fs = np.linspace(0,freq/2,len(P))
In [12]:
fig, (ax1,ax2,ax3) = plt.subplots(3, 1, squeeze=True, figsize=(8, 5))
ax1.set_title('Temporal domain', fontsize=18)
ax1.plot(t, y, 'b', linewidth=2)
ax1.set_xlabel('Time [s]')
ax1.set_ylabel('y [V]')
ax1.locator_params(axis = 'both', nbins = 5)
ax2.set_title('Frequency domain', fontsize=18)
ax2.plot(fp, Pp,'r',  linewidth=2)
ax2.set_xlabel('Frequency [Hz]')
ax2.set_ylabel('PSD(y) $[V^2/Hz]$')
ax2.locator_params(axis = 'both', nbins = 5)
ax3.set_title('Frequency domain', fontsize=18)
ax3.plot(fw, Pw,'r',  linewidth=2)
ax3.set_xlabel('Frequency [Hz]')
ax3.set_ylabel('PSD(y) $[V^2/Hz]$')
ax3.locator_params(axis = 'both', nbins = 5)
plt.tight_layout()
In [13]:
F, P = signal.welch(y, fs=freq, window='hanning', nperseg=N/2, noverlap=N/4, nfft=N/2)
A = integrate.cumtrapz(P, F)
fm = np.trapz(F * P, F)/np.trapz(P, F)
f50 = F[np.nonzero(A >= 0.5*A[-1])[0][0]]
f95 = F[np.nonzero(A >= .95*A[-1])[0][0]]
fmax = F[np.argmax(P)]
$$ F_{mean} = \frac{ \sum_{i=1}^{N} F_i*P_i }{ \sum_{i=1}^{N} P_i } $$
In [14]:
from psd import psd
fp, mf, fmax, Ptot, F, P = psd(y, fs=freq, scales='linear', units='V')

Short-Time Fourier Transform

The Short-Time Fourier Transform is a procedure for time-frequency analysis where both frequency and temporal information are estimated. Here are examples of the Short-Time Fourier Transform in action.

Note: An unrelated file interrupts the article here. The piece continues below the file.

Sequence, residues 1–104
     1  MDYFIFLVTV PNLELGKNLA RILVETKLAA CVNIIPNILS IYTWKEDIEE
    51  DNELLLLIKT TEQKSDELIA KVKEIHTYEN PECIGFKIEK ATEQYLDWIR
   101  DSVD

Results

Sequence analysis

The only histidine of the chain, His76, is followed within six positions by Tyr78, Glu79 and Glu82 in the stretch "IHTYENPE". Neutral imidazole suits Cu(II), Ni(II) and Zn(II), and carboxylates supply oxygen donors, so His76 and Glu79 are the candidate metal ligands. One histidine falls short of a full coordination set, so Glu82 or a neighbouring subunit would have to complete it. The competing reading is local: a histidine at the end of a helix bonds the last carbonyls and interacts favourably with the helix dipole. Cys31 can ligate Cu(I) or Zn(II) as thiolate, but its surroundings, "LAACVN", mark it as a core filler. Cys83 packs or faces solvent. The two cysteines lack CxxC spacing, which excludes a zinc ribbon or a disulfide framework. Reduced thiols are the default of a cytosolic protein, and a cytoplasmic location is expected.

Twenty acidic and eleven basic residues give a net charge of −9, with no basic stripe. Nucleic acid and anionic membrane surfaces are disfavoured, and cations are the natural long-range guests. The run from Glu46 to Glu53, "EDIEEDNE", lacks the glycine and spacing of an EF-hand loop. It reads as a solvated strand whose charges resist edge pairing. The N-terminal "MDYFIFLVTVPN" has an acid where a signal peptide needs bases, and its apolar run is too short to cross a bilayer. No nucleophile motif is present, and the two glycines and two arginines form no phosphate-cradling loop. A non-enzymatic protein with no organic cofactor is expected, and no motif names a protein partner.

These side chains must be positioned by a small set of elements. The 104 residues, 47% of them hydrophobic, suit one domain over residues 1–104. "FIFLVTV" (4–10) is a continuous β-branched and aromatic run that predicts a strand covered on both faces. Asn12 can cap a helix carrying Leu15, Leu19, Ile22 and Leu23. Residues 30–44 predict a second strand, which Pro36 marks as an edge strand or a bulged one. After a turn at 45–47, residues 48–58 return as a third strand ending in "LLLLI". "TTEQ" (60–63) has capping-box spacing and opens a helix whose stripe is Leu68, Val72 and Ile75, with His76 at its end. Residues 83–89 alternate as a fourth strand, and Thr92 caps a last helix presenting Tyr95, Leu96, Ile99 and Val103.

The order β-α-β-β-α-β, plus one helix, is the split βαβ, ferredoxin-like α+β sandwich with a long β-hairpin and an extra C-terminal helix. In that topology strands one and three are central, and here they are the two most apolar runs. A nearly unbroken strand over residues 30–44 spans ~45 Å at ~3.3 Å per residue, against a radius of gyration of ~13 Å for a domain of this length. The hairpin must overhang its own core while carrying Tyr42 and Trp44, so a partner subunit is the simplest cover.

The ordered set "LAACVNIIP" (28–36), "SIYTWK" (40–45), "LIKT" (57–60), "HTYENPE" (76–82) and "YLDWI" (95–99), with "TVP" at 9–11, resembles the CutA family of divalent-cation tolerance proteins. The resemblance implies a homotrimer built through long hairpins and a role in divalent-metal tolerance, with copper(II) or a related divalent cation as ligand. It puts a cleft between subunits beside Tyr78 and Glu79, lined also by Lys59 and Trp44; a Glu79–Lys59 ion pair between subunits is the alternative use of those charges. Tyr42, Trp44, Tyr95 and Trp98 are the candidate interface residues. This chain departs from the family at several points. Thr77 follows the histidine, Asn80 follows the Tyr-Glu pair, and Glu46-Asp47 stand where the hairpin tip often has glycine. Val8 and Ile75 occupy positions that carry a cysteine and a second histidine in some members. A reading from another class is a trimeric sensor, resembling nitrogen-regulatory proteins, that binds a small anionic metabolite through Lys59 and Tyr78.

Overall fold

In [18]:
fig, ax1 = plt.subplots(1, 1, figsize=(8, 4))
P, freqs, t, im = plt.specgram(y, NFFT=64, Fs=freq, noverlap = 32, cmap=plt.cm.gist_heat)
# P: array of shape (len(times), len(freqs)) of power,
# freqs: array of frequencies, 
# bins: time points the spectrogram is calculated over,
# im: matplotlib.image.AxesImage instance
ax1.set_title('Short-Time Fourier Transform ', fontsize=18)
ax1.set_xlabel('Time [s]')
ax1.set_ylabel('Frequency [Hz]')
plt.tight_layout()
In [19]:
import scipy.signal
t = np.linspace(0, (2**12-1)/1000, 2**12)
c = scipy.signal.chirp(t, f0=100, f1=300, t1=t[-1], method='linear')
fig, ax1 = plt.subplots(1, 1, figsize=(8, 4))
P, freqs, t, im = plt.specgram(c, NFFT=256, Fs=t.size/t[-1], noverlap = 128, cmap=plt.cm.gist_heat)
ax1.set_title('Short-Time Fourier Transform', fontsize=18)
ax1.set_xlabel('Time [s]')
ax1.set_ylabel('Frequency [Hz]')
plt.tight_layout()

Function psd.py

In [17]:
%loadpy ./../functions/psd.py
In [ ]:
#!/usr/bin/env python

"""Estimate power spectral density characteristcs using Welch's method."""

from __future__ import division, print_function
import numpy as np

__author__ = 'Marcos Duarte, https://github.com/demotu/BMC'
__version__ = 'tnorm.py v.1 2013/09/16'


def psd(x, fs=1.0, window='hanning', nperseg=None, noverlap=None, nfft=None,
        detrend='constant', show=True, ax=None, scales='linear', xlim=None,
        units='V'):
    """Estimate power spectral density characteristcs using Welch's method.

    This function is just a wrap of the scipy.signal.welch function with
    estimation of some frequency characteristcs and a plot. For completeness,
    most of the help from scipy.signal.welch function is pasted here.

    Welch's method [1]_ computes an estimate of the power spectral density